Here at TradeMutt, our whole approach around the mental health space is to take a bit more of a fun and light-hearted approach to talking about it.
As we know, guys particularly don’t really like talking about serious stuff too much, but that’s ok. To help our mates in the trade industries start having these tough conversations we have found different ways to get them talking, like our ‘conversation starting’ workwear.
We seriously believe that we can change the whole culture surrounding this topic. After all, while mental health is a serious topic, we want people to understand that we all have mental health, just like we have physical health.
Every minute of every day we are somewhere on the spectrum of mental health, from the lower end including things like depression and anxiety to the other end including things like fun, happiness and love.
So how do we have the conversation? Here are a few things to remember….
1. You’re not there to fix the problem – so don’t try to
You are not a mental health professional, but you are a person who can show empathy and compassion and take a non-judgemental approach.
Just listening and allowing someone to vent is extremely effective. However it’s important to remember, don’t let someone else’s problem become your problem too or you won’t be any good to anyone.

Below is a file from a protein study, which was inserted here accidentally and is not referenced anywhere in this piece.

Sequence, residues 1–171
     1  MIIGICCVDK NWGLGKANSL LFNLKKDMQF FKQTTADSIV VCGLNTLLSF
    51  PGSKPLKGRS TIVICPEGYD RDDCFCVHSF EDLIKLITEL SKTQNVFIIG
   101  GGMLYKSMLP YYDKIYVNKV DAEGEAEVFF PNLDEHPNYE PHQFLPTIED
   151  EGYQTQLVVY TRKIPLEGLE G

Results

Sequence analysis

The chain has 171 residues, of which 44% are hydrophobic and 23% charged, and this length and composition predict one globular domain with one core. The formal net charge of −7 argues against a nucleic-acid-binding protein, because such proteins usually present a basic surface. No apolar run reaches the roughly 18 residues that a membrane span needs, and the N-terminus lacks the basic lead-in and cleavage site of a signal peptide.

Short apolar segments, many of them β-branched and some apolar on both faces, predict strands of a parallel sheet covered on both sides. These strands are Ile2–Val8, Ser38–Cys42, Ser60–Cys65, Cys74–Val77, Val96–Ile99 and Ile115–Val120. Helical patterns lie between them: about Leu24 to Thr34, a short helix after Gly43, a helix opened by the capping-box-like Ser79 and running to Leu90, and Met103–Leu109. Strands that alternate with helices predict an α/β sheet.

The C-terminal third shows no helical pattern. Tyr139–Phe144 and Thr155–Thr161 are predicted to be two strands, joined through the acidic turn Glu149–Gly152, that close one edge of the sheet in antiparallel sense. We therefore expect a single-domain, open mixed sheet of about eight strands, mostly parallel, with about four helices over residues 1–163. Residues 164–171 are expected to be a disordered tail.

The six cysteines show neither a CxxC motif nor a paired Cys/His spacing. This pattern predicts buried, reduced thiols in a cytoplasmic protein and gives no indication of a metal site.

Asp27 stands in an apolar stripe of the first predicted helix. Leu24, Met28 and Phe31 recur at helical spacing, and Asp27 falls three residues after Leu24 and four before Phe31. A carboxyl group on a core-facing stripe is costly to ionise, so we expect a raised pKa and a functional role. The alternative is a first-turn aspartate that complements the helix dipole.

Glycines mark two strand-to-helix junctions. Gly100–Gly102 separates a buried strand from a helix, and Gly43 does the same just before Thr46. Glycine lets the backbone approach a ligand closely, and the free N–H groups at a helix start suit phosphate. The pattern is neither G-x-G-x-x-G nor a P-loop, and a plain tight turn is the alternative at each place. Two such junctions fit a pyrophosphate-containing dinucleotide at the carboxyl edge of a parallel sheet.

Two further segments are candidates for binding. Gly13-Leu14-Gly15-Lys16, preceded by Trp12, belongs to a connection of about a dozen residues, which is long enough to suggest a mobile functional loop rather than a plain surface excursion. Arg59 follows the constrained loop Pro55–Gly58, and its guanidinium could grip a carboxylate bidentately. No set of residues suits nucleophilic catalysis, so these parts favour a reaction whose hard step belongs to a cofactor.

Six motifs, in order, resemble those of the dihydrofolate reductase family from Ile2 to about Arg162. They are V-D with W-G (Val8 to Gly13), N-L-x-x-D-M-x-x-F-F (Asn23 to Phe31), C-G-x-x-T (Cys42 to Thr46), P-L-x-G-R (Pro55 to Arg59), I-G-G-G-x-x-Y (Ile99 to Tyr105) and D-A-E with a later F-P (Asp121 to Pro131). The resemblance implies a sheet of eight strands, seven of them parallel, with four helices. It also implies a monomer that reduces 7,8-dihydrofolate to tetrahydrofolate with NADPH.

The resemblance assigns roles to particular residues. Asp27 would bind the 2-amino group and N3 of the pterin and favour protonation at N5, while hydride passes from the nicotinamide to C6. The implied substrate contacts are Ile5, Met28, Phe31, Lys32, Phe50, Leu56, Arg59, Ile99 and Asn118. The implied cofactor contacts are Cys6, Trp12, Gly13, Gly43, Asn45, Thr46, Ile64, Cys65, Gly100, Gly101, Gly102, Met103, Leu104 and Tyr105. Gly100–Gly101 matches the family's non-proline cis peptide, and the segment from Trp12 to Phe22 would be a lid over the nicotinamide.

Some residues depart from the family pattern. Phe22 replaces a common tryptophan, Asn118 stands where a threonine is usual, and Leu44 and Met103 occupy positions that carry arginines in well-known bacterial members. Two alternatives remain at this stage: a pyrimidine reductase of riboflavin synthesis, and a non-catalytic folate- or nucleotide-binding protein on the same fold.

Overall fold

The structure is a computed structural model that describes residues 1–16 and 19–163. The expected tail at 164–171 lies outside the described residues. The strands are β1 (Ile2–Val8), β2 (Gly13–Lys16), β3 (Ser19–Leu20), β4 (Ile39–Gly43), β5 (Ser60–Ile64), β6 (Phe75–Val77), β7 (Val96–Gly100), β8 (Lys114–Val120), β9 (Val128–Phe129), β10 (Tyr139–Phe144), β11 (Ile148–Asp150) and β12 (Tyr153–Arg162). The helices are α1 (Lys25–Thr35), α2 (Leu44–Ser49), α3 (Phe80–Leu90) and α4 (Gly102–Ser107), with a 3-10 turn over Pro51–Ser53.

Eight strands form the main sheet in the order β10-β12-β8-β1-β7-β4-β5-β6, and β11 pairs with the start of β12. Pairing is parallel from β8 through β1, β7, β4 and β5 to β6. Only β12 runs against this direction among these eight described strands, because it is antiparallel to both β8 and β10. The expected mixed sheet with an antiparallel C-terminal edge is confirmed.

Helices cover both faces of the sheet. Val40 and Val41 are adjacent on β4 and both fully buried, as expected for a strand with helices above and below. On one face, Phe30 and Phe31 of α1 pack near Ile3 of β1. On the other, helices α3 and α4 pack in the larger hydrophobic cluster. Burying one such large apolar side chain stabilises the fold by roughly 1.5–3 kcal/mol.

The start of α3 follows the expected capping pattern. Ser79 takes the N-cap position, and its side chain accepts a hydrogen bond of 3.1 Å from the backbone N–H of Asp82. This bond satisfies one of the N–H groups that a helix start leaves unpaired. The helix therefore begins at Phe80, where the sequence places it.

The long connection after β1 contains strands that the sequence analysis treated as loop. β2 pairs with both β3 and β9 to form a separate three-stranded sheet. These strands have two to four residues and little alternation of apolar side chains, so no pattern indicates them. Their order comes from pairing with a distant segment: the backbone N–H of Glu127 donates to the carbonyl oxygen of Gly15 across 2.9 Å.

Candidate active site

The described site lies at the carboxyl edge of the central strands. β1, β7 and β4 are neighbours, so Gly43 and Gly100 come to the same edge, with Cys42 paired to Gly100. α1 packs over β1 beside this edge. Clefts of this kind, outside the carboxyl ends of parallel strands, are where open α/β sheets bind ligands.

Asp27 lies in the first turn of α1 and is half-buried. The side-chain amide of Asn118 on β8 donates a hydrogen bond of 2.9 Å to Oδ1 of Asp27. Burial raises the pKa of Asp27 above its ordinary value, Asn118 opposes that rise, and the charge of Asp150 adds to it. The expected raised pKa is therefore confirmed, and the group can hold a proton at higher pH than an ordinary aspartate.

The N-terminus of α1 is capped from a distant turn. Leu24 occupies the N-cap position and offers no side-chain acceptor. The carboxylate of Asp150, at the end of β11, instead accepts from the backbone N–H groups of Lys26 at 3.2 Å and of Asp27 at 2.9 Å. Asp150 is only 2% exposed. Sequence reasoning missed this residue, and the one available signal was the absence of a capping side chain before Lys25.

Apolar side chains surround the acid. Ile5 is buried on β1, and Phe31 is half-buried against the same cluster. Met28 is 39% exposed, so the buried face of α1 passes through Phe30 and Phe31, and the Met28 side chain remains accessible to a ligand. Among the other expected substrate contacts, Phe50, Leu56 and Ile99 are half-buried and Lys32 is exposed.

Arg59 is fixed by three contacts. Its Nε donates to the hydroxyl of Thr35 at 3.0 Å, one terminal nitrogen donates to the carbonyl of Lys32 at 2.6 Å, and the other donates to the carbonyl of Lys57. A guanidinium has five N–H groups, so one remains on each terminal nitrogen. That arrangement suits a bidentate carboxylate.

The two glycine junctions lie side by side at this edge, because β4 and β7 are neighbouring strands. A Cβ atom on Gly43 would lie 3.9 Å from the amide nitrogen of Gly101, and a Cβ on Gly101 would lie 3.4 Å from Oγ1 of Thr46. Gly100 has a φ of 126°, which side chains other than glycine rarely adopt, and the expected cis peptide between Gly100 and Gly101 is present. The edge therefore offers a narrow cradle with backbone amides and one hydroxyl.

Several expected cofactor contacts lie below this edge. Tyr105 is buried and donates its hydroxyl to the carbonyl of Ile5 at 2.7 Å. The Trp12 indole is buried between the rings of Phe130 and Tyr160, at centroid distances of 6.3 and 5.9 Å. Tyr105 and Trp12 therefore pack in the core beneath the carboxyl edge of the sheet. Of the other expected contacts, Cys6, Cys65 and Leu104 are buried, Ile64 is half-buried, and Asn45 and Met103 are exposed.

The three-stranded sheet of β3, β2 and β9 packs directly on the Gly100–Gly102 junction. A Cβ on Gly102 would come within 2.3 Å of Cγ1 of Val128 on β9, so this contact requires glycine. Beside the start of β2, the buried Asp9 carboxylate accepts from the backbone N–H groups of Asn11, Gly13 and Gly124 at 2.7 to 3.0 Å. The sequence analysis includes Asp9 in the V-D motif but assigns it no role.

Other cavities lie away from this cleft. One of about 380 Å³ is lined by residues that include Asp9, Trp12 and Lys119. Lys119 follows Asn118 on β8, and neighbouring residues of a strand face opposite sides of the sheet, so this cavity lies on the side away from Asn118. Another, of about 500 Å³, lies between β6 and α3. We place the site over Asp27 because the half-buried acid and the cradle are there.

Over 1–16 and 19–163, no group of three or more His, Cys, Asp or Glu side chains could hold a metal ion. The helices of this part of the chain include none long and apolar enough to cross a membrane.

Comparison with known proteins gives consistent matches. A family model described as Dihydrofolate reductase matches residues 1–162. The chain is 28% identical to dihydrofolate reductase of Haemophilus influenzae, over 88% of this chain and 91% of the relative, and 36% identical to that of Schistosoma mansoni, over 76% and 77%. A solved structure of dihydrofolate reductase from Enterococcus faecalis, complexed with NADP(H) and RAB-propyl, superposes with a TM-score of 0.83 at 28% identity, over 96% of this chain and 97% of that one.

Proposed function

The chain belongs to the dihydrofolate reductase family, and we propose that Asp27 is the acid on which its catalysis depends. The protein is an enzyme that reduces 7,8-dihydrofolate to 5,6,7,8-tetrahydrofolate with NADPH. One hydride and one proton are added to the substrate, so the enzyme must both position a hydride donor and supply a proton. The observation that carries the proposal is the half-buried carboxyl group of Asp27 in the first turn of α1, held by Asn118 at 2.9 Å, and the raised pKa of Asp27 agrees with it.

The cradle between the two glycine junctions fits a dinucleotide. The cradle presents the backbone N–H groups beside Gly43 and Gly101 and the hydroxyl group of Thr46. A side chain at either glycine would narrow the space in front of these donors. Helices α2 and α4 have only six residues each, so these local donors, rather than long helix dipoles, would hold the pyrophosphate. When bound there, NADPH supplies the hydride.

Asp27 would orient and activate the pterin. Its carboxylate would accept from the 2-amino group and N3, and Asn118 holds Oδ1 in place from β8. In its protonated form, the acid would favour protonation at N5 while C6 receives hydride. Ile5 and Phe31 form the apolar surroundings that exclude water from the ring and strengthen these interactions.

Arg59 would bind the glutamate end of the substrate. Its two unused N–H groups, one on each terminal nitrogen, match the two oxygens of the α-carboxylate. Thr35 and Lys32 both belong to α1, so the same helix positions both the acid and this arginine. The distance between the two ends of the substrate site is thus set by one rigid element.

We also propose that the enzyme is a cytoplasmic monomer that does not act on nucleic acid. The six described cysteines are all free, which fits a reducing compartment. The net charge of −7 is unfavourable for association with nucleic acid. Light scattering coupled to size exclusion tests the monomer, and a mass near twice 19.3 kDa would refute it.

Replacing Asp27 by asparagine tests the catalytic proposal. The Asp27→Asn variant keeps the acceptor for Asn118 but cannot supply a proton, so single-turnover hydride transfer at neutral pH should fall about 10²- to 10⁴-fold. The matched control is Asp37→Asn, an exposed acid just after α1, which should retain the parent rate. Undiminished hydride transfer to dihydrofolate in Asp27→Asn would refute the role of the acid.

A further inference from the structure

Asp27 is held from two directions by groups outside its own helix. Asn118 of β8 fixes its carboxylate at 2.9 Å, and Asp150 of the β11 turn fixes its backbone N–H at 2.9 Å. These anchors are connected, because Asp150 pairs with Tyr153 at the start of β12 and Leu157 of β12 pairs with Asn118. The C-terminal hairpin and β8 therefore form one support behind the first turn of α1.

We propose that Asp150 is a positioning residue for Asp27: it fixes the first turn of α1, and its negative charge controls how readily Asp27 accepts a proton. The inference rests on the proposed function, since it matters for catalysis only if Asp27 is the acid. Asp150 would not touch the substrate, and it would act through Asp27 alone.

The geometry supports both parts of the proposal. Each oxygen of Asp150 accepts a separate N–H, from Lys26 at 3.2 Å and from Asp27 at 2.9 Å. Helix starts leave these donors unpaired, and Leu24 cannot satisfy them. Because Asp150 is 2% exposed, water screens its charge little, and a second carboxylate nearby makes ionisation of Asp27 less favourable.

2. Plan a time and place – don’t just launch into a serious topic
If it is a work colleague that you are worried about, then it’s probably not a great idea to try to have the chat at work. It's just not a comfortable setting. Go for a walk, a coffee, a beer, whatever. Just consider your environment first to ensure it is nice and chill.
3. Keep it casual - don’t be weird about it, play it cool
Just because you are ready to talk, it doesn’t mean the other person is. Keep the conversation relaxed, chat about the latest TV show you’ve been watching, mutual friends, or other light subjects.
You need to create a comfortable and safe environment to allow the other person to open up naturally. Talking about some of your own problems is a great way to help this happen.
4. Be frank – once the conversation opens up and gets a little deeper, it is perfectly acceptable to ask the other person “have you considered suicide”?
Although this can be an extremely difficult question to ask, you are likely to prompt a genuine answer, allowing you to gauge just how bad someone’s situation might be. This also allows you to gently suggest they seek help if you think they need more support.
5. Choose open ended questions - asking things like “how is work going?”
Another good option is to ask “how are things at home?”, “how are you feeling?” This will allow the conversation to roll on and starts some insightful conversation about specific parts of someone’s life.
6. Get back-up – if you’re talking to someone about some really tough stuff, always remember there is back up out there
Ask the person if they think it’s a good idea to get someone else involved who knows what to do – a professional – and arrange a time to connect them to someone who can help.
Support resources to help you start a conversation about mental health
Below we have listed some resources that you or your friends can use to get the help they need*.
LIFELINE – 24 hour counselling and crisis support. Call 13 11 14 or visit https://www.lifeline.org.au/